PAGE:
Two-Faced TV 

Two new shows epitomize what Americans are being fed as reality.

And you can brace yourself for even more coming your way this summer and fall.

Two Monday-night reality shows that popped up this spring illustrate two directions in which the genre is headed — NBC-TV’s “The Restaurant” and Fox-TV’s “The Swan.” “The Restaurant” epitomizes the documentary approach, while “The Swan” represents the makeover formula with a soup‡on of competition thrown in.

“The Restaurant” — which was a top-15 series last summer in the key young-adult category — picks up where it left off, but this year the drama lies not in whether Rocco DiSpirito will open his restaurant on time, but in whether his financial backer will pull the plug. Six months after opening, Rocco’s on 22nd has turned out to be wildly popular — what restaurant wouldn’t be after six weeks of exposure on national TV? — but it’s losing money. Financier Jeffrey Chodorow thinks it might be because Rocco is a better cook than businessman. Chodorow hits the ceiling when he finds out Rocco spent $9,000 for 5,000 business cards. That works out to $1.80 per card. If a party of four takes one card each after their meal, the profit on the food they ate is gone.

“The Restaurant,” produced by Mark Burnett of “Survivor,” plays Rocco against Chodorow as they growl at each other, scowl at each other and then snarl at each other in court. Meanwhile, 79-year-old Mama DiSpirito is stealing the show. By far the series’ most sympathetic character, Mama seems to be everywhere at once, joshing with customers in the dining room and dabbling in the kitchen, all the while being a lovable busybody. Sure, she thinks her son can do no wrong. What mother wouldn’t?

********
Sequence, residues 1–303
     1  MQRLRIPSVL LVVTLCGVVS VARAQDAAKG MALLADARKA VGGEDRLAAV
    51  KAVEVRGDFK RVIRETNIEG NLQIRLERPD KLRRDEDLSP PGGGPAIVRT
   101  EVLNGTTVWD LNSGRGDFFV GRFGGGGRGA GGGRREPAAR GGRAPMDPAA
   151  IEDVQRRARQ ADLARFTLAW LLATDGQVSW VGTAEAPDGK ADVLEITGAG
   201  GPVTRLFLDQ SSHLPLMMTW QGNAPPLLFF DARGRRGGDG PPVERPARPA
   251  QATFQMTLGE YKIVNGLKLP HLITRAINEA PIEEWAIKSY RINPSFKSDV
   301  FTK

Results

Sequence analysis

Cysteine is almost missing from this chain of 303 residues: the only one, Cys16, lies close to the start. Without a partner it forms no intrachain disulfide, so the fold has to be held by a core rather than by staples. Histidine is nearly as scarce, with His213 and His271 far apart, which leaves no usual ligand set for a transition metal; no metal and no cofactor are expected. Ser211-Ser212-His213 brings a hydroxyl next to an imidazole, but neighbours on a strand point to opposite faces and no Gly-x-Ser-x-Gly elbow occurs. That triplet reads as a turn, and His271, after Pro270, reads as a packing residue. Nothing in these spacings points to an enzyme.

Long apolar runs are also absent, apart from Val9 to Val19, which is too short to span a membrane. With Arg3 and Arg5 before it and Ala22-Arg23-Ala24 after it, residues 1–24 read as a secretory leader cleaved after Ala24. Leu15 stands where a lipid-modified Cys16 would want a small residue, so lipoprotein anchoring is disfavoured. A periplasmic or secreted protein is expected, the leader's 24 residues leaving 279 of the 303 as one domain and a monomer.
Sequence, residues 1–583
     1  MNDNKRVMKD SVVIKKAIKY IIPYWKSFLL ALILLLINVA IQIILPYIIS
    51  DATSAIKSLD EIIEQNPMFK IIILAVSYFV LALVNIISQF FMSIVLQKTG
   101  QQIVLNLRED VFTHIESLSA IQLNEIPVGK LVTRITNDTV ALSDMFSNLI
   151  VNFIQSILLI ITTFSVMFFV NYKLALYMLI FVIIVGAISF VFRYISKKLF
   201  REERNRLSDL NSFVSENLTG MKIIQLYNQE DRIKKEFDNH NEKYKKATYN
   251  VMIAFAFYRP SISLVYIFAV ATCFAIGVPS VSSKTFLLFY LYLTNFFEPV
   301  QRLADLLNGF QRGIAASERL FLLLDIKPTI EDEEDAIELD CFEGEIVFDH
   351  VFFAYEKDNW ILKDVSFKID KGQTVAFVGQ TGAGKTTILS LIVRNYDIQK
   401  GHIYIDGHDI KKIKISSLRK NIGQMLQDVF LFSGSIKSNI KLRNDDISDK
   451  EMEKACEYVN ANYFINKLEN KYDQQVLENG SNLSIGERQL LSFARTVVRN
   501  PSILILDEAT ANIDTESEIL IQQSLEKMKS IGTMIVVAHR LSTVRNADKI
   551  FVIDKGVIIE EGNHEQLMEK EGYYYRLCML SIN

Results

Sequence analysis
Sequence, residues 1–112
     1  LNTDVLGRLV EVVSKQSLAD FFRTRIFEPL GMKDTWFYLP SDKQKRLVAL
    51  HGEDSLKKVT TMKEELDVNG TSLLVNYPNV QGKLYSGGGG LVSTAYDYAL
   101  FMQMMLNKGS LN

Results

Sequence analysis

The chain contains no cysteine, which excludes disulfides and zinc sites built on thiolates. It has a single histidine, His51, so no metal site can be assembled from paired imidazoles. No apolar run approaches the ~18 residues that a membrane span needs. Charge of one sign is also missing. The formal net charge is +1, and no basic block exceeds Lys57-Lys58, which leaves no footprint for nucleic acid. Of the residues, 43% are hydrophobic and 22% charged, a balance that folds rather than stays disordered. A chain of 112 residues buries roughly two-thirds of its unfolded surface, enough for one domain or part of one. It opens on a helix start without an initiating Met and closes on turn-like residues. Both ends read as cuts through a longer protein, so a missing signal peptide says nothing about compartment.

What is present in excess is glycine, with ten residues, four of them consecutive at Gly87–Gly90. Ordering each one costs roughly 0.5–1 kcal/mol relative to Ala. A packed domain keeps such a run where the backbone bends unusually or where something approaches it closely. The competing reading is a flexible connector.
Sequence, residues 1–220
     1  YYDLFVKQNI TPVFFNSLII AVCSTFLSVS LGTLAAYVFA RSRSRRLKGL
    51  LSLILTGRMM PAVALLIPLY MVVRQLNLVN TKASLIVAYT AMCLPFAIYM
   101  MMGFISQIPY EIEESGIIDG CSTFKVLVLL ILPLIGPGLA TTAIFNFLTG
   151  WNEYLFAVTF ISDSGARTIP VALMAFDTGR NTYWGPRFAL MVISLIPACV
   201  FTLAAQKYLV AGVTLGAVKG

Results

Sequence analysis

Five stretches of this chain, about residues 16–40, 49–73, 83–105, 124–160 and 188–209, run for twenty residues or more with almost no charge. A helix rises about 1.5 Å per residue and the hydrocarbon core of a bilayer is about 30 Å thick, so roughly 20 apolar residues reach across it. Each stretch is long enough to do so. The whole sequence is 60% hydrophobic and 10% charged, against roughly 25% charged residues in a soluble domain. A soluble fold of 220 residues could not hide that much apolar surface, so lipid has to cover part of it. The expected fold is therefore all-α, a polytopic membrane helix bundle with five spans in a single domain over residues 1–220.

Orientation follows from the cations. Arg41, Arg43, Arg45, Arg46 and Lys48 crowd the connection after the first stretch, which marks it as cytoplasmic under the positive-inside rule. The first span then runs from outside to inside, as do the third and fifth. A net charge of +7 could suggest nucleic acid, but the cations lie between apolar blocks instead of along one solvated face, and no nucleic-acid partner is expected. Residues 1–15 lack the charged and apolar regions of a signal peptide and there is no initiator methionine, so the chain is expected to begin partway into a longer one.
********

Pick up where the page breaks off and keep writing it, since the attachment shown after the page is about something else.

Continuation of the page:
And speaking of mothers, you’ve got to wonder what part of the gene pool produced the contestants on “The Swan,” which is from the same company that gave us “American Idol.” Fox even goes so far as to bill the competitors as ugly ducklings, and that’s a moment of truth in an industry starved for veracity.

Each of the 16 saggy, baggy contestants gets the works — a coach, a therapist, a trainer, a stylist, a dentist and a team of plastic surgeons. And at no time in the process are the women allowed to look in a mirror. That moment is saved for the end of each show. Two women are featured in each episode, but only one is selected to go on to the finale, a beauty pageant in which one of eight finalists will be crowned the Ultimate Swan.

Maybe it’s just me, or maybe it’s some sort of perverse twist on the part of the makeover teams, but so far the preliminary winners look more like drag queens than beauty queens.

Both “The Restaurant” and “The Swan” have a certain appeal, and that’s not bad, as long as viewers acknowledge that they’re indulging their darker natures. After all, how did “Gilligan’s Island” make our lives more worthwhile?

Speaking of which, there’s talk of a remake of “Gilligan’s Island” as a reality show. No kidding. Word is that it’ll feature a real-life simulacrum of a cast that mirrors the original — a skipper, a farm girl, a couple of millionaires, a first mate, a professor and a movie star — all working to get off the island. The series will debut on TBS this fall.

So we’ll have to make the best of things. It’s an uphill climb. S

“The Swan” airs Monday nights at 9 on Fox-TV. “The Restaurant” airs Monday nights at 10 on NBC-TV.

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